The first weeks of 2017 brought Trump, Brexit and, for me, an emergency heart procedure.
And thank you to everyone who responded to my desperate pleas for book recommendations… especially my Australian connections who have taken my reading (listening) in new directions. I have deliberately avoided old favourites and nostalgia.
What I want to write about now is the restorative power of audio. During the last six weeks I have listened to numerous books. Perhaps not all of them have been the wisest of choices in the circumstances but they have got me through some frustrating and anxious hours. They have been chosen for their variety. I am aware that this blog is very personal so I shall not hold back on any comments and this is no reflection on the authors.
Books listened to January and February 2017
Sisters and Lies by Bernice Barrington narrated by Caroline Lennon and Marcella Riordan. One sister in a coma following an unexplained car accident, the other going back over their lives in Ireland, before they moved to London, in an attempt to unravel the mystery of the accident. Well written and suspenseful and lovely to listen to the soft Irish accents.
Mothering Sunday by Graham Swift narrated by Eve Webster. Brilliant, subtle, at times erotic, evocation of a seminal day in an 80 year old writer’s early life as a housemaid in a big house. So many layers in this novella that I will listen to it again.
Walking Home: Travels with a Troubadour on the Pennine Way by Simon Armitage narrated by Simon Armitage. Simon Armitage, the poet, decided to walk the Pennine Way. He would take no money but he would give readings and pass round a sock for contributions to his bed and board. He advertised his journey in advance and, with the help of ordnance survey maps, plotted his course. He let it be known publicly where he would stop each night and invited people to come and hear him, offer him a bed, offer him food and drink and even accompany him on his journey. I was in hospital when I listened to this beautiful evocation of a particular part of England and the poet’s encounters with people and animals. I can’t imagine a calmer, more therapeutic book. Loved it.
The Dry by Jane Harper narrated by Stephen Shanahan. Exceptionally well written and read, mystery set in Australia during a long hot drought. The small town bears an old grudge against Federal Investigator, Aaron Falk, unofficially called back to his hometown to help discover who murdered his best friend Luke, Luke’s wife and young son Billy. Harper takes the reader right into the centre of small town dynamics. For a mystery this is gentle and humane without being remotely cosy. I loved the atmospheric descriptions of the homes, the farms and the landscape. Great read.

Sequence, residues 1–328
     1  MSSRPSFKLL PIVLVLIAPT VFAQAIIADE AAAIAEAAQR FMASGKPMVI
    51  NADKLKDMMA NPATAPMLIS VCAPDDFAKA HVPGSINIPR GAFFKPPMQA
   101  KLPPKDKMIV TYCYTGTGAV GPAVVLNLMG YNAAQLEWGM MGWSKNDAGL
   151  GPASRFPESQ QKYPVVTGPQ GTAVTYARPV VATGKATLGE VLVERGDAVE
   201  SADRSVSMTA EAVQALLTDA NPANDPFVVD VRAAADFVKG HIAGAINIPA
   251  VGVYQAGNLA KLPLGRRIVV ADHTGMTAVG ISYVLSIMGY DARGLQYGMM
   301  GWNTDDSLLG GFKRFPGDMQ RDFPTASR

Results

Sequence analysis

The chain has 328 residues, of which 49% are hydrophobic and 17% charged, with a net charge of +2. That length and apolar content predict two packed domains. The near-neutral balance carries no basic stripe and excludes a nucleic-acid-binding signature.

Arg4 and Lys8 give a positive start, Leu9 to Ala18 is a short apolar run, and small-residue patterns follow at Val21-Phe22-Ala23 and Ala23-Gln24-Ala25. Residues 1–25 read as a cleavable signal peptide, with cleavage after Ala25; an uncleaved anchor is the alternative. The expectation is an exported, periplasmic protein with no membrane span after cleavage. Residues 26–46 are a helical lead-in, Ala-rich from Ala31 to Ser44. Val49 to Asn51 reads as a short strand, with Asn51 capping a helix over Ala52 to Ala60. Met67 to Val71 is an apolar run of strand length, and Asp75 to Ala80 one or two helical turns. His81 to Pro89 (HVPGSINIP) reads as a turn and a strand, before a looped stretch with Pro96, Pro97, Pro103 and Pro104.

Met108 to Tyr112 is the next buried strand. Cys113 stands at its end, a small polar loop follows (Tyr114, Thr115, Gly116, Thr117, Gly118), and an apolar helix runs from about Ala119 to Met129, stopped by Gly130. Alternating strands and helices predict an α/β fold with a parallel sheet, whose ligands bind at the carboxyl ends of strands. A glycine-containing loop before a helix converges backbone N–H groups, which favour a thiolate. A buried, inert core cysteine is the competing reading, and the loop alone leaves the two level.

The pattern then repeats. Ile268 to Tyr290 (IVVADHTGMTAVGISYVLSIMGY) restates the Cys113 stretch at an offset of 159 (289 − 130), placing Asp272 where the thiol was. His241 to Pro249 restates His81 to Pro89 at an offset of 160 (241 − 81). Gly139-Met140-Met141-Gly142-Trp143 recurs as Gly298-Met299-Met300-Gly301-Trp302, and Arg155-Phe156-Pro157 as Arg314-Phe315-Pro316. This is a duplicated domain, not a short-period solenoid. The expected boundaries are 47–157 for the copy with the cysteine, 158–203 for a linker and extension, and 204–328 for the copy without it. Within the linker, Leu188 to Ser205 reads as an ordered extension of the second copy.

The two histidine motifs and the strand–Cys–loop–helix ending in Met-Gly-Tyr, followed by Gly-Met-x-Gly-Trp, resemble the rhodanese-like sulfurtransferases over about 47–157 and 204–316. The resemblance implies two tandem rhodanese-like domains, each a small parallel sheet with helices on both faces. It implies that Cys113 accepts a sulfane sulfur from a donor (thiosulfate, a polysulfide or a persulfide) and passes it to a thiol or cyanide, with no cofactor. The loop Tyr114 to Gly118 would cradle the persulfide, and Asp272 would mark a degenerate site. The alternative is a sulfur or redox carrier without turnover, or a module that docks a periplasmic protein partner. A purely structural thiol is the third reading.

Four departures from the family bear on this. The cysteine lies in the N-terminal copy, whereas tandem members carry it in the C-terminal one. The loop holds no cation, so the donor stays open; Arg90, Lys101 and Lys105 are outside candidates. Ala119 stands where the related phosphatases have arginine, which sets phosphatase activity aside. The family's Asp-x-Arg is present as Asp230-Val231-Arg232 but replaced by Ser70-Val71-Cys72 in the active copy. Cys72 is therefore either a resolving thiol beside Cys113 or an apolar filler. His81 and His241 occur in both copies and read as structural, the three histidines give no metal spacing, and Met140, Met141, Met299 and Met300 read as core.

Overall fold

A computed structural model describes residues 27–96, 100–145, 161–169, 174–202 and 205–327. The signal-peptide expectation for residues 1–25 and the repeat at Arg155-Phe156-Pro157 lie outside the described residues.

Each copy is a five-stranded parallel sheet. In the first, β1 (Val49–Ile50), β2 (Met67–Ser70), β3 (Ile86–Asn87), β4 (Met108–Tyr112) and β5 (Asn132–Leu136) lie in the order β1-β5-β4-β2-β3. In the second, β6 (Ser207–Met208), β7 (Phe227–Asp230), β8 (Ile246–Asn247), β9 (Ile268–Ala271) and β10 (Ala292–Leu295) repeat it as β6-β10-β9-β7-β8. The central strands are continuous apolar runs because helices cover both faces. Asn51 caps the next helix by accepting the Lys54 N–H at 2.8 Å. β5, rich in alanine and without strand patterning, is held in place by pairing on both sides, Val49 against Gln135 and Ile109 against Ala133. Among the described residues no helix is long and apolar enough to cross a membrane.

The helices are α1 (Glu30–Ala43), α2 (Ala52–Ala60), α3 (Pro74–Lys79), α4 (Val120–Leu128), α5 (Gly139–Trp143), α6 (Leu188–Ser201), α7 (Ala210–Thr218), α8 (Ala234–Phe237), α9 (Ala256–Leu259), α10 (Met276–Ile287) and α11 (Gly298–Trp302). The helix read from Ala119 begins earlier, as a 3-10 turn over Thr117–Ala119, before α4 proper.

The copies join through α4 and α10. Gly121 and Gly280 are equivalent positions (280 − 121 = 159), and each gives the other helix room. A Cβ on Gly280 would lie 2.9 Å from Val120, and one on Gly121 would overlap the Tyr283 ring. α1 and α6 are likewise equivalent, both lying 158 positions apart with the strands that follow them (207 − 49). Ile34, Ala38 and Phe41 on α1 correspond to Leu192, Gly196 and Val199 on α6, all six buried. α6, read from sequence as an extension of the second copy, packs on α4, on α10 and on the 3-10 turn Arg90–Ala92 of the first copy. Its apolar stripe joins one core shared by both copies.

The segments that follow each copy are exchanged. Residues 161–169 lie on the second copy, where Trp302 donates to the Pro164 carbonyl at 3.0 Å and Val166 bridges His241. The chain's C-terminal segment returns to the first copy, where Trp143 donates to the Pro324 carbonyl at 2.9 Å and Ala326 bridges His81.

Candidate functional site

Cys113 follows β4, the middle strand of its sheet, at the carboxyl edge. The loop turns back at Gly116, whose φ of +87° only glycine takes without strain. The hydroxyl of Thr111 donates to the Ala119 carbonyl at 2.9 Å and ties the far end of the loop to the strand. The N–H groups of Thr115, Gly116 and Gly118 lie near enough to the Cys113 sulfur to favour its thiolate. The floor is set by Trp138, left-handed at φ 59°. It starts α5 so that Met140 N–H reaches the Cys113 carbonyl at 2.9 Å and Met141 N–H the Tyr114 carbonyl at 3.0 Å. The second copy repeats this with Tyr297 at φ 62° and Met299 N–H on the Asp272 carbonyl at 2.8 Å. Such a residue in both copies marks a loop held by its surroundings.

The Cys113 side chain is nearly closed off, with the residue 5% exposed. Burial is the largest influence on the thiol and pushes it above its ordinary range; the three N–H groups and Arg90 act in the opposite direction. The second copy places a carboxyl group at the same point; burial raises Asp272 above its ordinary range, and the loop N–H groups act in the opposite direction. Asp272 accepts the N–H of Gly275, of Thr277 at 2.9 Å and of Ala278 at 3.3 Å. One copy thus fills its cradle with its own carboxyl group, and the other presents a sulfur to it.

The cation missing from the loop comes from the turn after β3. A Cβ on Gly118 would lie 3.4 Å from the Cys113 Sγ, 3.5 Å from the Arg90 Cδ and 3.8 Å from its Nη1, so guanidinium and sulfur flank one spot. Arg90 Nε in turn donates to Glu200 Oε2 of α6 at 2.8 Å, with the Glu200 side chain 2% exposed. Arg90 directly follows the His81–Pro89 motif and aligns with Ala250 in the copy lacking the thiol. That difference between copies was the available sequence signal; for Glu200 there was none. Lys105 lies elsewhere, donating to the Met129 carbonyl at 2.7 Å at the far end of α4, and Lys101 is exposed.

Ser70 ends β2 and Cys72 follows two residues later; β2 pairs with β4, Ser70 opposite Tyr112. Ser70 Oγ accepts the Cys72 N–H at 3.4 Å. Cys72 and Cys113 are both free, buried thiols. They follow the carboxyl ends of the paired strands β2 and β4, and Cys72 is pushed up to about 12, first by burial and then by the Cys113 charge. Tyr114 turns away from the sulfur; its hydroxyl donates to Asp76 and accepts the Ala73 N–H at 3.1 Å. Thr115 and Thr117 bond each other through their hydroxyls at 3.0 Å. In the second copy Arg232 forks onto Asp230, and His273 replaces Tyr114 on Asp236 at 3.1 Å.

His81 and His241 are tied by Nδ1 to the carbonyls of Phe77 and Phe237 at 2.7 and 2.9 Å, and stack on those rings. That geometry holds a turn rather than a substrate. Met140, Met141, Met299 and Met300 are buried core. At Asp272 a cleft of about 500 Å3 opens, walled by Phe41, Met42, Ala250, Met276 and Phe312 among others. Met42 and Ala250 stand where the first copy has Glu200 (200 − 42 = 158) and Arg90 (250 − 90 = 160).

People of the Book by Geraldine Brooks narrated by Edwina Wren. Geraldine Brooks is a Pulitzer Prize winning journalist. She has taken the true story of the 14th century Sarajevo Haggadah which was rescued by a Moslem librarian during the bombing of Sarajevo. Another librarian was killed by a sniper while trying to rescue a pile of books. Brooks describes the conservation of the exquisitely illustrated Haggadah by fictionalising its journey from, probably 14th century Spain to the present day through the hints provided by wine stains, blood, a fragment of an insect’s wing. She conjures vivid images and dangerous events mixing fact and fiction. Full of detail, this story had me riveted. But… I am uneasy about the mixture of fact and fiction so in the end I’m not sure what to think. But well written and well worth a listen.
Little Lies by Liane Moriarty, narrated by Caroline Lee. A story of bullying and the effects of misinformation set around the parents and children in an Australian kindergarten. The novel is written with a deceptively light touch. Well observed and building backwards to what seems like an inevitable conclusion. It deals with the serious topic of hidden middle class domestic violence and its ripple effect. I really enjoyed this for its wit and humanity. It has recently been made into a mini-series with Nicole Kidman.
My Name is Lucy Barton by Elizabeth Strout narrated by Kimberly Farr. Mother and daughter story, beautifully written and beautifully read but I found it intensely irritating. Put it down to my grumpy state of mind.
The Chalk Pit by Elly Griffiths narrated by Jane McDowell. Another Ruth Galloway mystery, forensic archaeology lecturer, investigating bones found in an ancient tunnel under the city of Norwich. Full of detail and character. Easy and enjoyable.
A Time of Gifts by Patrick Leigh Fermor narrated by Crispin Redman. This came highly recommended and is a terrific find as I enjoy travel writing. I am just at the beginning when the eccentric author sets off as a young man to walk across Europe to Constantinople. I have laughed out loud at his adventures in Germany where he falls in love with the generosity of the people while at the same time being chilled by the Nazi movement. Can’t wait to read more of his work.
A House Full of Daughters by Juliet Nicolson narrated by Julie Teal. More about the Nicolsons and Sackville Wests. Well written and enjoyable.
Several books were returned to Audible.co.uk for a variety of reasons. One I am hesitating about is Barkskins by Annie Proulx. This is 25 hours long. I have listened to about 5 hours. It is set in the 18th century and ranges from Canada to China to Europe and America. Great characterisation and description. Very violent and am finding the environmental message a bit heavy handed. Not sure if I shall finish it. Anyone else read it?
So these are the books which have kept me company during my convalescence. (Now well on the road to recovery.) No old favourites so far! If you are thinking I have strayed from my brief of writing about technology, I download onto and listen on my trusty iPad.
Any more suggestions will be gratefully received. What do you like reading when you are ill?